The fact that the basis of development in a country is completely dependent on a natural resource, oil, is very intriguing and shocking. The earlier or traditional modes of occupation were more varied than now. In the past, Emirates was a relatively humble country, whose citizens made a living mainly from maritime occupations which include fishing and engagement in trade with other regions such as the East Africa region, Iran and the Indian sub-continent (Zahlan, 2016). The discovery of oil led to widespread opportunities in this country since a large pool of experts were brought in to offer labor services to an economy that was growing at a very high percentage.
As a result of the increased entry of migrant labor from other nations, the demographics of this country also changed leading to Emirates being a smaller number of the population in their home country (Al-Gazali, Alwash, & Abdulrazzaq, 2005). This made it a necessity for the natives to adopt English as their second language so as to aid in communication with other groups of people who come from all over the world looking for opportunities. As a result of the development of the multilingual society in this region, the natives tried to mix Arabic and English so as to communicate easily. This is because it has become a requirement for people to develop multilingual capabilities .The advantages and benefits of globalization and diversity can be tempting, for the current youth of the United Arab Emirates (UAE). It is because they are the first generation growing up during this fast transformation in the UAE, making the appropriate social and linguistic choices can be quite stimulating (O’Neill, 2017).
It is easy for one to distinguish locals from foreigners since the natives are stereotyped in terms of their linguistic and cultural identities. In this paper, I will use the Labov’s model of Narrative Enquiry, to investigate how a local's multilinguistic identity is shaped and sometimes stereotyped in a diverse society like Dubai, through the eyes of a young female Emirati called “Shaikha”.
Multilingualism in UAE’s local society
Multilingualism has become a global trend in every country. Even for those countries which are known to be the most monolingual. There must exist a certain group of people that speak a language other than the language spoken in those countries. Multilingualism can be defined as the use of more than one language either by an individual or a group of speakers.
According to O’Neill (2016), stated that many local Emiratis see themselves as multilingual individuals, but also think of languages as circumscribed, isolated units that function in particular dominions. In Dubai, multilingualism is seen as a national demographic, where English specifically is considered as a crucial part of the personal and career improvement. Hence, families try to develop linguistic knowledge of both English and Arabic in their children. Still, many families are placed within a firm language philosophy where Arabic, especially Emirati-Arabic, presents the Emirati identity, whereas the standard Arabic symbolizes a larger Arabic and Muslim identity. This means that a firm strategy of only Arabic, is followed by the family. English is not totally neglected but it is allocated outside, in school, work and interactions with non-Arabic speakers. This made other families adapt more flexible heteroglossia, in which the walls between the two languages demolished, and Emiratis started using both a linguistic and nonlinguistic means to communicate. For example, they started using a term called Arabizi, to represent their mix between Arabic and English.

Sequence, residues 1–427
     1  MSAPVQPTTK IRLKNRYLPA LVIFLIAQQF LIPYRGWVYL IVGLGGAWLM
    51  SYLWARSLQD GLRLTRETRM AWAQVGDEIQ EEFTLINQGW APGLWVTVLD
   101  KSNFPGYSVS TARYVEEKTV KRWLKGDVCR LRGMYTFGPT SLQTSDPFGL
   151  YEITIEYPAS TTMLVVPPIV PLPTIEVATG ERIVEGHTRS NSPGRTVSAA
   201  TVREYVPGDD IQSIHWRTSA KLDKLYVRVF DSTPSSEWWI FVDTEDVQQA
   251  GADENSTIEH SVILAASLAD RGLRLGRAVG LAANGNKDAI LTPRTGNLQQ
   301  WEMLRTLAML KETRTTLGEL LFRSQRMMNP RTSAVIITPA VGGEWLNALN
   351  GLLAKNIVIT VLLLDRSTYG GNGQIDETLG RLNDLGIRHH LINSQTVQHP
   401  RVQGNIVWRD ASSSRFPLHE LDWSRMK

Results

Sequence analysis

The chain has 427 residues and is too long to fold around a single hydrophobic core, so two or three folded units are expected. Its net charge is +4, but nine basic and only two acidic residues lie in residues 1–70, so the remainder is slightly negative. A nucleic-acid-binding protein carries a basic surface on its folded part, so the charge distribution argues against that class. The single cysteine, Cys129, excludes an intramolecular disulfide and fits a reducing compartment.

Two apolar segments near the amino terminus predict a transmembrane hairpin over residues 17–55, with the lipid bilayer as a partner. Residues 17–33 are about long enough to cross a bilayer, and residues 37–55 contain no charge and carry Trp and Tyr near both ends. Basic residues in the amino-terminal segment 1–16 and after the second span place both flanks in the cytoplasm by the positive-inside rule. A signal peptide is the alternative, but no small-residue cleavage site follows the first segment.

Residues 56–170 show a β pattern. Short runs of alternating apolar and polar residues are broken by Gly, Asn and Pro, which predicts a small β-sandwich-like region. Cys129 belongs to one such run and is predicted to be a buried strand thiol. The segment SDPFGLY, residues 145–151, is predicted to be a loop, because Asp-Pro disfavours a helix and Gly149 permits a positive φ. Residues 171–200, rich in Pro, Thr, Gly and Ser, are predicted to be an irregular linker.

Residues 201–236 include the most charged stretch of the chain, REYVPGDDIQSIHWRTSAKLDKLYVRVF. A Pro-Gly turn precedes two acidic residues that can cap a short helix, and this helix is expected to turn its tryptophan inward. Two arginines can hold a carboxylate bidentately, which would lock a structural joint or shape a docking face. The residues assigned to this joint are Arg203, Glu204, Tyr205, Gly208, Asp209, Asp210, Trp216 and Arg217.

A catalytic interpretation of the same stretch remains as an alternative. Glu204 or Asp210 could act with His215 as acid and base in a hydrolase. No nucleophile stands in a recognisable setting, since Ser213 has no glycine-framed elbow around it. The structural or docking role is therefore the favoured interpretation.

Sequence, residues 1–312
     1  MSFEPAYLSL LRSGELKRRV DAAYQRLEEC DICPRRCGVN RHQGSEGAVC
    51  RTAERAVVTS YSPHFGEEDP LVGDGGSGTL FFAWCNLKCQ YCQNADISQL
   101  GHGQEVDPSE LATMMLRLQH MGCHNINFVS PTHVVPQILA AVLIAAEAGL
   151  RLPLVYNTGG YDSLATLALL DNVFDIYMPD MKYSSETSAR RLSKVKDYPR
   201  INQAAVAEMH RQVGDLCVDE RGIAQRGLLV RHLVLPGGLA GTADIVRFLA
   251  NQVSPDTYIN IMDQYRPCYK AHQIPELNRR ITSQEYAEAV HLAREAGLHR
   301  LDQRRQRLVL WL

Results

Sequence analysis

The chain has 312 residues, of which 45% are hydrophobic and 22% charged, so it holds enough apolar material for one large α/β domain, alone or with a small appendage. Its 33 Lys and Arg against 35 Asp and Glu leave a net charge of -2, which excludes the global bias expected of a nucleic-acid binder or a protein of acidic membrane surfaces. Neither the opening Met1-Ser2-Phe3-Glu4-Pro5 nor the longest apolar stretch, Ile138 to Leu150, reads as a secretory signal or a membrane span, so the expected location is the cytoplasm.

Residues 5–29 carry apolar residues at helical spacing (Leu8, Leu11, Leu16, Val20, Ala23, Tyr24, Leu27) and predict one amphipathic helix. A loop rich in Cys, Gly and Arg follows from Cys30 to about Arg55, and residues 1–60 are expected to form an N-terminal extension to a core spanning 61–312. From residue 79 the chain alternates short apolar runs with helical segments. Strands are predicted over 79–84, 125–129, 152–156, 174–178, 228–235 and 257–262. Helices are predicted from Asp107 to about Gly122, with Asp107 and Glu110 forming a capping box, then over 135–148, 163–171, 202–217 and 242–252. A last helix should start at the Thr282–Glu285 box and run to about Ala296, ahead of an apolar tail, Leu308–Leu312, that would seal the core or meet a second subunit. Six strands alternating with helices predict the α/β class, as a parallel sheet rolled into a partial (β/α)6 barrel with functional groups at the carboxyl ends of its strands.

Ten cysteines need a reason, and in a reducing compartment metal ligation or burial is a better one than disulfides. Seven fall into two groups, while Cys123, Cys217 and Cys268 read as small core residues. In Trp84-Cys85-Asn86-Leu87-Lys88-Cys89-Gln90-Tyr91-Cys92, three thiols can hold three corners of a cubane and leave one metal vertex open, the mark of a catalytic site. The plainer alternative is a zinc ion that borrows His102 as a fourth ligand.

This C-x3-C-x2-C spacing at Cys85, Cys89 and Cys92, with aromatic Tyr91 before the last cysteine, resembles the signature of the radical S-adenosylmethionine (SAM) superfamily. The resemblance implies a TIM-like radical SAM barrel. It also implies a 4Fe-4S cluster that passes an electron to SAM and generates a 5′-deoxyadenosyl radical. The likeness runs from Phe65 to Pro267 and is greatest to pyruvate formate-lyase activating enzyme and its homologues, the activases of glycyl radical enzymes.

The Theory of practice
This paper investigates the linguistic choices in a multilingual situation. The study employs Bourdieu’s theory of practice to examine the given contexts. His work is helpful here as it classifies the basic factors of social habits in relations to individual dispositions (Habitus), individual capabilities (Capital), and the social spaces where the capital function (Field). The following equation illustrates this collaboration (Bourdieu 1984: 101 as cited in O’Neill ,2017):
Habitus +capital + field = practice
Collection of data based on storytelling reveal the reasons that cause language choice, especially in the young generation’s daily speeches. However, although this ethnographic sample on native cultural observation can draw attention on the complexity of identity, it cannot be achieved totally through a single analysis. Thus, it is crucial to consider sociocultural linguistics within complex methods in a large and inclusive research (Bucholtz, 2005).
The participant’s multilingual identity:
Multicultural and multilingual identities likely appear when individuals interact with people from distinguished backgrounds on a multicultural and multilingual basis (Jackson, 2014).There is also a high chance that they will develop mixed identities that combine various cultural and linguistic features. This in turn will help them to communicate in their lives (Kraidy 2005; Kramsch 1993, 2009 as cited in Jackson, 2014). People can develop a sense of belonging to a particular culture and language as they had previously experienced living and experiencing it (Greenholtz, & Kim, 2009).
I choose a participant from a similar linguistic background and culture, to be able to have a clear analysis of the data and limit misinterpretation, since I have better understanding of my Saudi culture in comparison to others. Shakiah is 33 years old Emirati female, mother of two boys living in Dubai. She came from a family of a wealthy linguistic capital; her mother is a French-Moroccan who speaks French and Moroccan Arabic (MA).
Her father is an Emirati who speaks modern standard Arabic (MSA) German (from his studies in Germany), Emarati Arabic (EA) along with Farsi and English. Her husband is a Palestinian who speaks Palestinian Arabic (PA) and English. She does not speak German or French, but she grew up hearing it from her parents. She learnt English during her schooling and working years. She has been improving it while living in Canada for a couple of years. Now she speaks MA, EA, PA, MSA, English, she has also developed a “habit” of using an Arabic accent that eases her communication, called white Arabic (WA). This is a modern accent developed by young Arabs via using common Arabic words that are easy to understand, e.g. instead of saying ,Sert elbeet (I went home) she would say Rohet elbeet, Sert is an EA word ,while Rohet is WA word which is common in most Arabic speaking countries. Because many Arabic variation exist in Dubai, WA is seen as a monolingual outcome of a highly diverse society (O’Neill, 2017), or as Bourdieu’s refers to, a “field”.